Assistance under this program is generally available to States and local governments, territories and possessions, foreign governments, international organizations, Indian Tribes, interstate organizations, intrastate organizations, and possessions of the U.S., including the District of Columbia, public and private universities and colleges, hospitals, laboratories, other public or private nonprofit institutions, and individuals. Nonprofit organizations described in Section 501(c)(4) of the Internal Revenue Code that engage in lobbying activities as defined in Section 3 of the Lobbying Disclosure Act of 1995 are not eligible to apply. For profit organizations are generally not eligible for funding. Some of EPA's statutes may limit assistance to specific types of interested applicants. See "Authorization" listed above. For certain competitive funding opportunities under this CFDA description, the Agency may limit eligibility to compete to a number or subset of eligible applicants consistent with the Agency's Assistance Agreement Competition Policy. National laboratories funded by Federal Agencies (Federally-Funded Research and Development Centers, "FFRDCs") may not apply. FFRDC employees may cooperate or collaborate with eligible applicants within the limits imposed by applicable legislation and regulations. They may participate in planning, conducting, and analyzing the research directed by the applicant, but may not direct projects on behalf of the applicant organization. The institution, organization, or governance receiving the award may provide funds through its grant from the EPA to an FFRDC for research personnel, supplies, equipment, and other expenses directly related to the research. Federal Agencies may not apply. Federal employees are not eligible to serve in a principal leadership role on a grant, and may not receive salaries or augment their Agency's appropriations in other ways through grants made by this program.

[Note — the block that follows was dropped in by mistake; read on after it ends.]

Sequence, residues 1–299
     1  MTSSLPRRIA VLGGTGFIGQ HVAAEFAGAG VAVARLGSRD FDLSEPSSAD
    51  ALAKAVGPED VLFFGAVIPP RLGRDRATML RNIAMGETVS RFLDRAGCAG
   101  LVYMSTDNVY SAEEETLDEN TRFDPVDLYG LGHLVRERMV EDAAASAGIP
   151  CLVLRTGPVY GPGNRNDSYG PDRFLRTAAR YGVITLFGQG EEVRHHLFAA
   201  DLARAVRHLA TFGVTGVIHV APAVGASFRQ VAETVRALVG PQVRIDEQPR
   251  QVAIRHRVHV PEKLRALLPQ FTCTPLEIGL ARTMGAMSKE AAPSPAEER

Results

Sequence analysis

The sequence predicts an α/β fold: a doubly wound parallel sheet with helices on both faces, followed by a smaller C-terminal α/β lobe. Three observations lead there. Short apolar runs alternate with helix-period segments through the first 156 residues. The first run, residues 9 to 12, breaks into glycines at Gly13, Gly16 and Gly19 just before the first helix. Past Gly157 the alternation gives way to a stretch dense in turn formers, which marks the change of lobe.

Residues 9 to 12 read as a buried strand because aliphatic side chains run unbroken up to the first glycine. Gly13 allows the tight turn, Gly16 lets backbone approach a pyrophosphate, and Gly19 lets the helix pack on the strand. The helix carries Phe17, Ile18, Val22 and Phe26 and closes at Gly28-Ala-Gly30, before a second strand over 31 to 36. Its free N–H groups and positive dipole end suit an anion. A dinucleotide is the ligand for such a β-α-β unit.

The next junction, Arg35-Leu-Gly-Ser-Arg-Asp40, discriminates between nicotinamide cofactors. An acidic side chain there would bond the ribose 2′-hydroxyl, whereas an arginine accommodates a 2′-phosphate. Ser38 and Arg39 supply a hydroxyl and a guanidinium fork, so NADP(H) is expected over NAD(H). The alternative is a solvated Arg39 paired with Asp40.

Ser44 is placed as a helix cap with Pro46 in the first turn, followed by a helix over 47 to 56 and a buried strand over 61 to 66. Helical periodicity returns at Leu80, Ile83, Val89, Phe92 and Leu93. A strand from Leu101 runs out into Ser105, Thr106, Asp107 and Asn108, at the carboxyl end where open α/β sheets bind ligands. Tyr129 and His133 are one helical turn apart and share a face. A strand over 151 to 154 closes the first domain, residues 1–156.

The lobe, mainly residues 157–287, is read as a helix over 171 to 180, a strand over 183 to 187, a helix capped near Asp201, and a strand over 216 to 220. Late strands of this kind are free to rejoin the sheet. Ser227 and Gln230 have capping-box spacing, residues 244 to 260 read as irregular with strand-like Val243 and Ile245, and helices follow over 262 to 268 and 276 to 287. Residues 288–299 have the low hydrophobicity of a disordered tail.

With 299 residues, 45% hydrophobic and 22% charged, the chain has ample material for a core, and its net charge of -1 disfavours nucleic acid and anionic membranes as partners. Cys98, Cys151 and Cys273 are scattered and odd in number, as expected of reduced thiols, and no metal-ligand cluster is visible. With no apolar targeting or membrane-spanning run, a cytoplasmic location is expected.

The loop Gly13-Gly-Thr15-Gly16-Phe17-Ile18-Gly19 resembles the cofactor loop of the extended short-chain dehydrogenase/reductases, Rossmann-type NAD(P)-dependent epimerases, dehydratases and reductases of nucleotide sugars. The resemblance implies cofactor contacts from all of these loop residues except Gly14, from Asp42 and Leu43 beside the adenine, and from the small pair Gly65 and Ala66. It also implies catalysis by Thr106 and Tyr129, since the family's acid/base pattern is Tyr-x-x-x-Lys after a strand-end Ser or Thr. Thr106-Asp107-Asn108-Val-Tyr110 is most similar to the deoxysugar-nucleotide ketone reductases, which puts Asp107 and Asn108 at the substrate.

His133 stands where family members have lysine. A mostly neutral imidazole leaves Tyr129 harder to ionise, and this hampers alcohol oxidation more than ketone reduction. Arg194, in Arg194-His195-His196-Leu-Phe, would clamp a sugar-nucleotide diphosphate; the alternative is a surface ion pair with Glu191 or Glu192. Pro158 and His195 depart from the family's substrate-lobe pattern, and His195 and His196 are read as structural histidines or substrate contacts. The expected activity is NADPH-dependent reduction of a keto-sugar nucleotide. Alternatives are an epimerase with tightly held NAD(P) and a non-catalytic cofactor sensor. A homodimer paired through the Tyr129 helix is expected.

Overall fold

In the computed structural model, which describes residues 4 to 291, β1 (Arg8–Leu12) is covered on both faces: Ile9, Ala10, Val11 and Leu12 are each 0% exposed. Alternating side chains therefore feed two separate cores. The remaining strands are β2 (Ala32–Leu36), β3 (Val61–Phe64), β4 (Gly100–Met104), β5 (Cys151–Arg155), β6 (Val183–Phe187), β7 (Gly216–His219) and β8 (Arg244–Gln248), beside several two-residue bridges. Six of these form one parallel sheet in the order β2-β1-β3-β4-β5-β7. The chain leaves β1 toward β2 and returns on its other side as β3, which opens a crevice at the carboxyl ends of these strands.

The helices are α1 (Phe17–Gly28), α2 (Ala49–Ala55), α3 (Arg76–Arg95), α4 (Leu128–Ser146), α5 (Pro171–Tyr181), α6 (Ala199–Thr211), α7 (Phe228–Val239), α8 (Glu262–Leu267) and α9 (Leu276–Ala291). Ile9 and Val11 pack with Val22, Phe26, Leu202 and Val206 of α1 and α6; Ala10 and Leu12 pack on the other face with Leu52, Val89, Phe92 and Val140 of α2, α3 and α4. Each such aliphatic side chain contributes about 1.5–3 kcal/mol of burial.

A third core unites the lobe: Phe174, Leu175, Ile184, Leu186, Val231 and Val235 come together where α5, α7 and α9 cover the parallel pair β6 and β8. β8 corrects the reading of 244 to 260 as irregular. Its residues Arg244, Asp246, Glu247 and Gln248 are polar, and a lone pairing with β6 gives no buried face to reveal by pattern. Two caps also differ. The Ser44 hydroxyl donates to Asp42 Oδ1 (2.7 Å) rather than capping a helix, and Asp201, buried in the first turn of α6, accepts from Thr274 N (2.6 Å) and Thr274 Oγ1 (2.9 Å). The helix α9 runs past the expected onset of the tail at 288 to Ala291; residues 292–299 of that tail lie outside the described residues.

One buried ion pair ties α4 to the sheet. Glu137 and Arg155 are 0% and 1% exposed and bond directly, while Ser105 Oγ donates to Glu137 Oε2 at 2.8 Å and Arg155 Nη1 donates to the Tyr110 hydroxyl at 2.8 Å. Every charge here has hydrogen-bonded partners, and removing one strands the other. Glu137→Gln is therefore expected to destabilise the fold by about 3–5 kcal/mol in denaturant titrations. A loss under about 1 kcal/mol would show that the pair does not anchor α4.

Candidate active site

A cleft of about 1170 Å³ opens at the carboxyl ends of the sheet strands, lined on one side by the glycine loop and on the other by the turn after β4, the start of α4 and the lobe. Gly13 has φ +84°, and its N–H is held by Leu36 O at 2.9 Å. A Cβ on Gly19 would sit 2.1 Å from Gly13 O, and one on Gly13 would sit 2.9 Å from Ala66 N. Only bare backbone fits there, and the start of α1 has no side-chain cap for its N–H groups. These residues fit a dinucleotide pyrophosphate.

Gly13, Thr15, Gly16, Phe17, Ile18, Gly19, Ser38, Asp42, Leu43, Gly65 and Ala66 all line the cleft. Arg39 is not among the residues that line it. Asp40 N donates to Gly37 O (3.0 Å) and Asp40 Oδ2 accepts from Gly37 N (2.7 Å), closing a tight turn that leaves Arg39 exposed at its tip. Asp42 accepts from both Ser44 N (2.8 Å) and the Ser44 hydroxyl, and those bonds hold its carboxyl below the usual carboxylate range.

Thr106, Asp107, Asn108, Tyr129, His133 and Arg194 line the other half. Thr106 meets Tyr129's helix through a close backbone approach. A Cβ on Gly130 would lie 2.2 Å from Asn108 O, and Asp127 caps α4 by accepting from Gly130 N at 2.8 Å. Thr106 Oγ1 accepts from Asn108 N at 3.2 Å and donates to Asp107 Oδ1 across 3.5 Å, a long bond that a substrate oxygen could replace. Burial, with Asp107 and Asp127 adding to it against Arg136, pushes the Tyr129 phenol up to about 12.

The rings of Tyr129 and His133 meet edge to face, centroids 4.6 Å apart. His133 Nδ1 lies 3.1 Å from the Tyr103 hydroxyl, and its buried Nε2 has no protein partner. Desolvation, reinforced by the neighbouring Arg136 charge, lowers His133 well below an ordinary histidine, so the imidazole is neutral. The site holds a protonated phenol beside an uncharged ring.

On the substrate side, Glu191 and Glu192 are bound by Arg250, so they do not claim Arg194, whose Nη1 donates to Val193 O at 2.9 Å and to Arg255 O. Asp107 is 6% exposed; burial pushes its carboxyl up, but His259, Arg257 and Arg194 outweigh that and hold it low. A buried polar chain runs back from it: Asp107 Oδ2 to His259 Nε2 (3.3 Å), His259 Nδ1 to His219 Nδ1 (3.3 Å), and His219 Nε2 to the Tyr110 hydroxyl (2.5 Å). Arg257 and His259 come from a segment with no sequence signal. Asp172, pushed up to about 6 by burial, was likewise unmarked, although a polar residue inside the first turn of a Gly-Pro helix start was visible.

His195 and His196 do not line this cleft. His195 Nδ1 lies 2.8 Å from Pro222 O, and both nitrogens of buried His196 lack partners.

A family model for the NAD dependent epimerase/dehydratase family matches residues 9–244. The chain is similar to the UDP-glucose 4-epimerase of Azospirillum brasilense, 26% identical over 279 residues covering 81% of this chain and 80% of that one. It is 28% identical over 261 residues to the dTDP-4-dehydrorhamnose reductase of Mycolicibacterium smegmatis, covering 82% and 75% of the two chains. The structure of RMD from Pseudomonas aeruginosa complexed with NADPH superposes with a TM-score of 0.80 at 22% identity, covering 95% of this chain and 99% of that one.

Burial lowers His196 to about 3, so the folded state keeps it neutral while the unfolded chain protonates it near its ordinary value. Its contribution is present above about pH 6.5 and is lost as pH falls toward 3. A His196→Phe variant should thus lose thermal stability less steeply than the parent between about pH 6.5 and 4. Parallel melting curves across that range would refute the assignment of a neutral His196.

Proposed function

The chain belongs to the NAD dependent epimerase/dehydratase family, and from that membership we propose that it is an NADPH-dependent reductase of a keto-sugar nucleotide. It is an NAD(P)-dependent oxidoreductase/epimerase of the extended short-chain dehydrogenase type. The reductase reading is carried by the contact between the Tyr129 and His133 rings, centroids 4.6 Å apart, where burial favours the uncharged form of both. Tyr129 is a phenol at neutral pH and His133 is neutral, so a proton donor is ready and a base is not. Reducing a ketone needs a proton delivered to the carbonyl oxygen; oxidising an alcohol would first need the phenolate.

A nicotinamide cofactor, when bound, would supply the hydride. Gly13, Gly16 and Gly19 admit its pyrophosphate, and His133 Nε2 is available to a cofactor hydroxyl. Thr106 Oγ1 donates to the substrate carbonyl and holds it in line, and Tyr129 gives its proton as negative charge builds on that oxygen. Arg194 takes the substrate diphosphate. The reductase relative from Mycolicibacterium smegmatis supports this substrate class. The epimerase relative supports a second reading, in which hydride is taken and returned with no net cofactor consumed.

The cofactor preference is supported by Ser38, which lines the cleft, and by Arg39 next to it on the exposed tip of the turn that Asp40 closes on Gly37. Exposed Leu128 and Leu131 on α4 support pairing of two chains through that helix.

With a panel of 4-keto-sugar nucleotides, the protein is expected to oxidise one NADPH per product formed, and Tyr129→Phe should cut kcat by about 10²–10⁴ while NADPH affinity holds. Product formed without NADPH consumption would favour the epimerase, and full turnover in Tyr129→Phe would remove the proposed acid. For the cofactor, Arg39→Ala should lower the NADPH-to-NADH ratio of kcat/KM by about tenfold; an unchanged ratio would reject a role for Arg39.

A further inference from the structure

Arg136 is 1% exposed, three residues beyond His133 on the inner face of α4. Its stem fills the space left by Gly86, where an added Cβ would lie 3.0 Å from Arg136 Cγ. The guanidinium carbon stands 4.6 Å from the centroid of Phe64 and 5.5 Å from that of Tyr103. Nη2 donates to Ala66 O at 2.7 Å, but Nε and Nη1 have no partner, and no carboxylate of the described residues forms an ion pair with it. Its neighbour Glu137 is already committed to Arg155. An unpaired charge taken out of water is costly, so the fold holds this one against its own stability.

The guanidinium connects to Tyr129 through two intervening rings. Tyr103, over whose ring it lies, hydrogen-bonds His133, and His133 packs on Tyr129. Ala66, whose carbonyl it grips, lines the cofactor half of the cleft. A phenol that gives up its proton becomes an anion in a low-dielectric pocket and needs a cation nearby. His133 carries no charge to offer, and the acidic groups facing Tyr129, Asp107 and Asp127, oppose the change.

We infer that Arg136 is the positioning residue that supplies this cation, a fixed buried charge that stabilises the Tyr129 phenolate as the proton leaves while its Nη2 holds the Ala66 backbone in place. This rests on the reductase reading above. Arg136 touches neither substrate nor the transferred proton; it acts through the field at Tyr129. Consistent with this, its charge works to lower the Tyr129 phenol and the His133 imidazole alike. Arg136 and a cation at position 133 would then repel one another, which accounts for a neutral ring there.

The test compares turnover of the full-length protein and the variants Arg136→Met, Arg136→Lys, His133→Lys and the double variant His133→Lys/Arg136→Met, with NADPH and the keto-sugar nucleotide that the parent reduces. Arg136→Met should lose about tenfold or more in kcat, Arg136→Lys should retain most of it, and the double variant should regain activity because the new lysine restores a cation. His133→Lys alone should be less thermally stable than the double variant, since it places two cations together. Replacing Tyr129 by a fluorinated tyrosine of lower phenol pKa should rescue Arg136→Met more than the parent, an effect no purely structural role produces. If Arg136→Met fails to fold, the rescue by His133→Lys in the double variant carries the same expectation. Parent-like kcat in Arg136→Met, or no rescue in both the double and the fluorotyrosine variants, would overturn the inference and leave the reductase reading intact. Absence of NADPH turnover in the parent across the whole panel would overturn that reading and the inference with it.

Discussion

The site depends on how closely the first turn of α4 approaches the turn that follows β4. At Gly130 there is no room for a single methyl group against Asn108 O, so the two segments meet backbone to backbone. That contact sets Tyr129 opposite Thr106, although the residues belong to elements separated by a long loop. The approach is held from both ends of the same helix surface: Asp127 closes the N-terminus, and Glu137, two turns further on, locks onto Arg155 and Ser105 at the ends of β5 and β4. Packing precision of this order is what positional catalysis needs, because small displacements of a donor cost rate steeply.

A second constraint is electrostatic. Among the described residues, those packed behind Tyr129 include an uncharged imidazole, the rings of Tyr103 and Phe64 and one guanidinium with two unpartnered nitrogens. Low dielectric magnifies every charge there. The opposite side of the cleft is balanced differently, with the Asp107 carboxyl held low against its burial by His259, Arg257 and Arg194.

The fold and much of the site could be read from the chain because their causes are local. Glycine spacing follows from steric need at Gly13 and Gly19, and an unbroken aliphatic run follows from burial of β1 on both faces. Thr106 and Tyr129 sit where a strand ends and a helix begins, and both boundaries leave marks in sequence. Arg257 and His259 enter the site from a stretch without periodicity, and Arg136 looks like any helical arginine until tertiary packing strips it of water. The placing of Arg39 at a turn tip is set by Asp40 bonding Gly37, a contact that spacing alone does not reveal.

Beneficiary Eligibility
State and local governments, U.S. territories and possessions, Indian Tribes, universities and colleges, hospitals, laboratories, other public and private nonprofit institutions, individuals, and international organizations.
Credentials/Documentation
Documentation of nonprofit status may be required. Applicants may be requested to demonstrate they have appropriate background, academic training, experience in the field, and necessary equipment to carry out projects. EPA may ask applicants or principle investigators to provide curriculum vitae and relevant publications. 2 CFR 200, Subpart E - Cost Principles applies to this program.
What is the process for applying and being award this assistance?
Pre-Application Procedure